Hi, The input file name needs to pass some validations, below is the list of criteria. 1. The file name must be lower case and no longer than 32 characters in length. 2. The file name must start with a letter (a-z) may contain numbers (0-9) with no spaces. 3. The file name may contain one period (.), one hyphen (-),one underscore (_) character and must end with a *.pdf extension. 4. The file name should not contain any path delimiters.
Can some one help me with this, Tank you very much
Here's some general advice: Start by writing your test code. Create instances that violate each of the requirements (individually, and possibly in various combinations), along with at least one instance that satisfies all requirements. Then as you develop your regex pattern, these test instances will tell you what needs adjustment. [ June 21, 2005: Message edited by: marc weber ]
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3. The file name may contain one period (.), one hyphen (-),one underscore (_) character and must end with a *.pdf extension.
This is going to be the hard part, I think. Particularly if you want to do this all with a single regex. It's possible (e.g. using negative lookahead) but the regex will probably be more complex than most people are comfortable with. I'd ignore this requirment initially - concentrate on solving the other requirements. When you've got everything else worked out, then try writing a regex to just detect if a filename contains two or more hyphens. When you get that working, then do the same for two periods, or two underscores. Then try to find a way to combine these together in your code. (I suggest going what Marc just suggested, combining separate expressions using && and || outside the regexes.
By the way, if the file must end with a .pdf - did that use the one allowed '.'? Or do you allow one '.' in addition to the .pdf?
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I have so far done this [a-z][a-z0-9]*[\\.]?[\\-]?[\\_]?, which satisfies the below details
1. The file name must start with a letter (a-z) may contain numbers (0-9) 2. The file name may contain one period (.), one hyphen (-),one underscore (_) character
The file name must end with a .pdf so the . present here is extra '.' alond with 0 or 1 allowed '.' in the file name and all the criteria need not be done in a single regular expression.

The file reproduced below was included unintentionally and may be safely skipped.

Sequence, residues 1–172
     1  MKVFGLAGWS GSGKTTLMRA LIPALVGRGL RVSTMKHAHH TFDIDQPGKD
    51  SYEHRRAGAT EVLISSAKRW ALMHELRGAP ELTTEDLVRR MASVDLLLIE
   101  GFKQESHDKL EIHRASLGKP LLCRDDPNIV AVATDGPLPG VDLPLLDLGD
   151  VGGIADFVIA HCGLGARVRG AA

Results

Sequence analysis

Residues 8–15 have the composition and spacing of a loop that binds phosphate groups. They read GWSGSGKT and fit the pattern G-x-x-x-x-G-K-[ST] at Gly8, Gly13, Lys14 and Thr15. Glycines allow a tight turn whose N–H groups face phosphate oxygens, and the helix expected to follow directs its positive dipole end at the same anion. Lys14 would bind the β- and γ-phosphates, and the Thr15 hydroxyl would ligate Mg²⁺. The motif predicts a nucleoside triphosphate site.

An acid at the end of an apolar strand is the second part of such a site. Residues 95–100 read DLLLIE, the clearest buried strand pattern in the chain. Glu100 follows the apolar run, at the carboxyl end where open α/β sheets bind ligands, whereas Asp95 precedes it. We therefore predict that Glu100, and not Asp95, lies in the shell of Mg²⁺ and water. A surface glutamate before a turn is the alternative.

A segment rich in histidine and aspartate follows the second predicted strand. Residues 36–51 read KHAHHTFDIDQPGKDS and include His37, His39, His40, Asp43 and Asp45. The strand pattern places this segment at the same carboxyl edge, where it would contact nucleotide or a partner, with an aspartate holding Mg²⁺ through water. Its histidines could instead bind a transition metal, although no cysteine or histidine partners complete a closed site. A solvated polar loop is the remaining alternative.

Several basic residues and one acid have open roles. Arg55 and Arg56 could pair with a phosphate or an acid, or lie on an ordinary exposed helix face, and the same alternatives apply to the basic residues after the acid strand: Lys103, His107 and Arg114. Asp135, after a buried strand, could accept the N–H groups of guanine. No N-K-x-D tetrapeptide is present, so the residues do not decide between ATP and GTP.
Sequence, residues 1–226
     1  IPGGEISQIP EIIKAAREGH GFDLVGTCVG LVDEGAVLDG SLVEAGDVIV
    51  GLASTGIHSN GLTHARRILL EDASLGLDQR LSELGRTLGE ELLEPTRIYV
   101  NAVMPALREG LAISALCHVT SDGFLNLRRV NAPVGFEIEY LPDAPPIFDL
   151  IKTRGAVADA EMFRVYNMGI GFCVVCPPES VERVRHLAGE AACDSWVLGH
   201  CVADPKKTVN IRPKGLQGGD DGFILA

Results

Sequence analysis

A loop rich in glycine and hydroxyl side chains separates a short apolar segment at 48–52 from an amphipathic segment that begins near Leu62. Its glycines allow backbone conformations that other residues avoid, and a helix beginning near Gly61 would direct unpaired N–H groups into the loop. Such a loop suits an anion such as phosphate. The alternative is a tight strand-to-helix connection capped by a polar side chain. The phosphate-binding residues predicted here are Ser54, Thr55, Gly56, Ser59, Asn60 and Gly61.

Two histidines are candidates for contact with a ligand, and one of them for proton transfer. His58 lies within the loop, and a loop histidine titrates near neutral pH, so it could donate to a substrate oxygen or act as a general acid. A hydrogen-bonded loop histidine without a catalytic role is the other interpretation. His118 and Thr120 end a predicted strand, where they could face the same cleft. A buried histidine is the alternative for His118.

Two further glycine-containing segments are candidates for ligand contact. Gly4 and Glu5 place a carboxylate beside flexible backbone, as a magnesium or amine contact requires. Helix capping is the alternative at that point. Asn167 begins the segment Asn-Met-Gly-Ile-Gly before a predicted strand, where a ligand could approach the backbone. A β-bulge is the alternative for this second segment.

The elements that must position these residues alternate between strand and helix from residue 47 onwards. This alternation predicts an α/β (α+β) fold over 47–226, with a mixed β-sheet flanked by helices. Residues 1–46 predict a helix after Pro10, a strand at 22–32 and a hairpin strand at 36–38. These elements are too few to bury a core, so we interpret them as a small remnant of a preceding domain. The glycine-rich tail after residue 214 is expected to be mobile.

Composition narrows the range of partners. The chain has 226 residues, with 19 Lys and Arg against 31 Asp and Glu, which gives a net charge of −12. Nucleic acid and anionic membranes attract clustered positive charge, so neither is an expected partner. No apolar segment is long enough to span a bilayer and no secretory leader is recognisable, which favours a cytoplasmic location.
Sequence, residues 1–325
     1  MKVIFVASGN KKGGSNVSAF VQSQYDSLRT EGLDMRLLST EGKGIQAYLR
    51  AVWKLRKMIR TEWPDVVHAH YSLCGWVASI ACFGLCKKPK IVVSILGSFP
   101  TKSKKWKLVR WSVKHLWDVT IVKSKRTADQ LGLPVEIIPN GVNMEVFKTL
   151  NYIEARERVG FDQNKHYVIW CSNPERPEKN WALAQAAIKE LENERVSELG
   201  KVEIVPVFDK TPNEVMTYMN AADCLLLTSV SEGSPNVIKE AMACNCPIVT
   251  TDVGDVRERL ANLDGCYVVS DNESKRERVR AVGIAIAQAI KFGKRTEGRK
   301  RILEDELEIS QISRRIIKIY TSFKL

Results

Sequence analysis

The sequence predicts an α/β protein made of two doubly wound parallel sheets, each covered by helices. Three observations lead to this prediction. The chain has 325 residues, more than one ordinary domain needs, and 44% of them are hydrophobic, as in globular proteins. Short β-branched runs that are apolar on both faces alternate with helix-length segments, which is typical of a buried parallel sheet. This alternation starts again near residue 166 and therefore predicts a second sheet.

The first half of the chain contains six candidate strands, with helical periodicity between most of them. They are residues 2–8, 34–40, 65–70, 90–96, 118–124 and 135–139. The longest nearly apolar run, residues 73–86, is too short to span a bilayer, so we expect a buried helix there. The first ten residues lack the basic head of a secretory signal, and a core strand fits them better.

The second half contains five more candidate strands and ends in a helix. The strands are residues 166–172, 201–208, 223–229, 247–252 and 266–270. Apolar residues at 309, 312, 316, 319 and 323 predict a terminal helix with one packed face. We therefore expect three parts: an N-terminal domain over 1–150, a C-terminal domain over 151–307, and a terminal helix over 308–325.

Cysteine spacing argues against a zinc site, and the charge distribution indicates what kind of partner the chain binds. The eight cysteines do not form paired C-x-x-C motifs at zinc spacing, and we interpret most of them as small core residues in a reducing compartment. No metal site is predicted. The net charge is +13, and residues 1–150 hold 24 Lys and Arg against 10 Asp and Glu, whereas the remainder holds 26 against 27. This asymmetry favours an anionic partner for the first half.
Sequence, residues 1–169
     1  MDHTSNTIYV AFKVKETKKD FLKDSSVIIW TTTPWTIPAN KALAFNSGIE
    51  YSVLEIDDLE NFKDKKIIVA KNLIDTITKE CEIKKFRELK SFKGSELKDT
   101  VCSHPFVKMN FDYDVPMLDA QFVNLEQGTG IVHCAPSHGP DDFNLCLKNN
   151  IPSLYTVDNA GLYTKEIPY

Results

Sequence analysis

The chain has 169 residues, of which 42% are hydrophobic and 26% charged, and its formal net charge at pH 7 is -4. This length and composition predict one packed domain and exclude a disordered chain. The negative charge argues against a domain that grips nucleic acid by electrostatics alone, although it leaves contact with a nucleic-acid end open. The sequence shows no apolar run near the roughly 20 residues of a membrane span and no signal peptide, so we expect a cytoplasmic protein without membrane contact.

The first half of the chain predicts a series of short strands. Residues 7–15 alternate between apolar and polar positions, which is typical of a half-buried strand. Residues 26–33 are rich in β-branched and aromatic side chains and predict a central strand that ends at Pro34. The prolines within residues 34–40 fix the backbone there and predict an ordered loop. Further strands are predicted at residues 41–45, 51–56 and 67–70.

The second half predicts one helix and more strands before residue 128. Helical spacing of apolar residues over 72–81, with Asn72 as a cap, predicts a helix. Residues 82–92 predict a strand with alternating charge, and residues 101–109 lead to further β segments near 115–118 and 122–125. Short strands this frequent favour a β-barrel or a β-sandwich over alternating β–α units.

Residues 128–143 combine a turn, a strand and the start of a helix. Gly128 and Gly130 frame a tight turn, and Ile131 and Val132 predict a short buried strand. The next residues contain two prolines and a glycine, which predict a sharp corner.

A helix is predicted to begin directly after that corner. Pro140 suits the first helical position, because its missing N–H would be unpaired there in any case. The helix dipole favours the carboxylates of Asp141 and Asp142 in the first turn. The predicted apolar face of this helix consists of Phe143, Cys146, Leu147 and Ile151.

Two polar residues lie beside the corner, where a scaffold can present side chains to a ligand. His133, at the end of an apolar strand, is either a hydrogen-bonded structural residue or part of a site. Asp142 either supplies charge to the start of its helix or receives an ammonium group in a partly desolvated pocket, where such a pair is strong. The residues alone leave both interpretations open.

Originally posted by jamie lee: I have so far done this [a-z][a-z0-9]*[\\.]?[\\-]?[\\_]? ...
Great start! A few things to consider...
The asterisk quantifier denotes zero or more. Is there a way to denote "at least zero, but not more than..."? This would be helpful in enforcing your 32-character limit.
After you've matched the first lowercase letter, followed by zero or more lowercase letters or numbers, you match the other characters (period, hyphen, and underscore). This will only work if these other characters come after the letters and numbers -- and only in that specific order of period, hyphen, then underscore (if present). What if these are mixed in with the other numbers or letters?
It must end with ".pdf".
As Jim pointed out, the period, hyphen, and underscore are the tricky parts here. You might want to first get this working without putting limits on these characters.
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Sorry, but this problem is too advanced for the kind of coaching you guys were trying to do.
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It might've been, but the solution could still have been achieved by implementing several separate regexes and combining them with &&. I think Jamie would've learned quite a bit as a result, and remembered it afterward.
[Alan]: It turns out it is possible to do this with one regex
As I'd previously indicated. Though I was thinking of something more like:
Some requirements are still unclear though, IMO:
Does the ".pdf" count as part of the 32 characters?
Originally posted by Jim Yingst: ...the solution could still have been achieved by implementing several separate regexes and combining them with &&...
And I don't think Jamie was too far from a solution along those lines. For example, the regex posted above could easily be adjusted to end with a literal ".pdf" and mix the period, hyphen, and underscore in with the lowercase letters and digits for a string not exceeding 32 characters. Then additional regexes could verify that the period, hyphen, and underscore don't appear more than they should. This might not be the most elegant solution; but it works, and it's a good exercise without getting too advanced.
I’ve looked at a lot of different solutions, and in my humble opinion Aspose is the way to go. Here’s the link: http://aspose.com